Nearly seventy percent of Americans oppose Bush’s escalation plan, as do top military leaders, Bush’s staunchest international ally, and the Iraq Study Group. After four years in the shadows, Congress has begun to use its power as a co-equal branch of government to do something about the administration’s failed policies in Iraq. On Wednesday, the Senate Foreign Relations Committee passed a resolution condemning Bush’s escalation strategy. Americans are mobilizing against the president’s plan. A protest rally has been planned for this weekend in Washington, D.C., while other groups such as Americans Against Escalation in Iraq plan to lobby members of Congress “who have spoken out against the war, but who have so far declined to pledge support for a resolution denouncing Bush’s plan to increase the number of troops.”
- Americans can support the troops by opposing the escalation plan. A recent Military Times poll of active-duty forces found 39 percent of those polled think troop levels should remain the same or should decrease. Only 38 percent support sending more troops into Iraq, with 13 percent supporting a complete withdrawal. Yet the administration and its conservative allies continue to push the false premise that opposition to the administration’s failed policies–which once again became painfully evident last Saturday–means a lack of support for the troops. “In Iraq, all of this undermines the morale of the military and makes their task that much harder on the ground,” The Wall Street Journal’s conservative editorial page said about the ongoing debate.
- There is another way: progressives across the country are calling for strategic redeployment. “It’s the only game in town,” Sen. John McCain (R-AZ) said of escalation. Cheney claimed “the critics have not suggested a policy.” Tony Snow added: “If you’ve got a better proposal that will achieve success in Iraq, help Iraqis get swiftly into the lead, and will demonstrate support for American forces, let us hear it.” Listen closely, Tony. Over a year and a half ago, the Center for American Progress released a responsible Iraq strategy that called for comprehensive strategic redeployment. The strategy, which was updated in May 2006, calls for reducing U.S. troops to 60,000 in six months and to zero in 18 months, while redeploying troops to Afghanistan, Kuwait, and the Persian Gulf to contain the threat of global terror networks.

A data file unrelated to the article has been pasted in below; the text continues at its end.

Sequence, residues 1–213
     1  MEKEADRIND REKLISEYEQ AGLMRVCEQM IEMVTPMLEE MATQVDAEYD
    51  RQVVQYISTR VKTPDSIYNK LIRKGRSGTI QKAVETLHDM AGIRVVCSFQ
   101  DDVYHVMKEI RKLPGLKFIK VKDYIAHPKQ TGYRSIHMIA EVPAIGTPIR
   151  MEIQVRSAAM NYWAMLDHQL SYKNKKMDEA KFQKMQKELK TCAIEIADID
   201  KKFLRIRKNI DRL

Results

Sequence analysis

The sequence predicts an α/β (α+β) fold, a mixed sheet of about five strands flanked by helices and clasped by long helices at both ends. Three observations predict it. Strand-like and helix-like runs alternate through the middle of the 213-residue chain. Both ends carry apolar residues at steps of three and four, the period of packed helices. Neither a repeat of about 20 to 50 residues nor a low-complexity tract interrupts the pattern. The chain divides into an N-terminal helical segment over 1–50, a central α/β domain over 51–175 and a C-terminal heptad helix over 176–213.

- More and more conservatives are speaking out against the president. The White House is trying to downplay the growing discontent among conservatives about Bush’s policies. Fox News’ Chris Wallace asked Cheney recently if they were losing the support from conservatives. “Well, I don’t think Chuck Hagel has been with us for a long time,” Cheney said. Asked for a comment on the escalation resolution, Tony Snow said there had been “no real surprises” because Hagel voted for it, ignoring the fact that Sen. David Vitter (R-LA) was the only member of the Foreign Relations Committee to express support for the president’s plan. Other influential conservative voices–including those of Sens. John Warner (R-VA), Norm Coleman (R-MN), and Sam Brownback (R-KS)–have said they will not support the plan. (See where all members of Congress stand HERE.)
Daily Talking Points is a product of the American Progress Action Fund.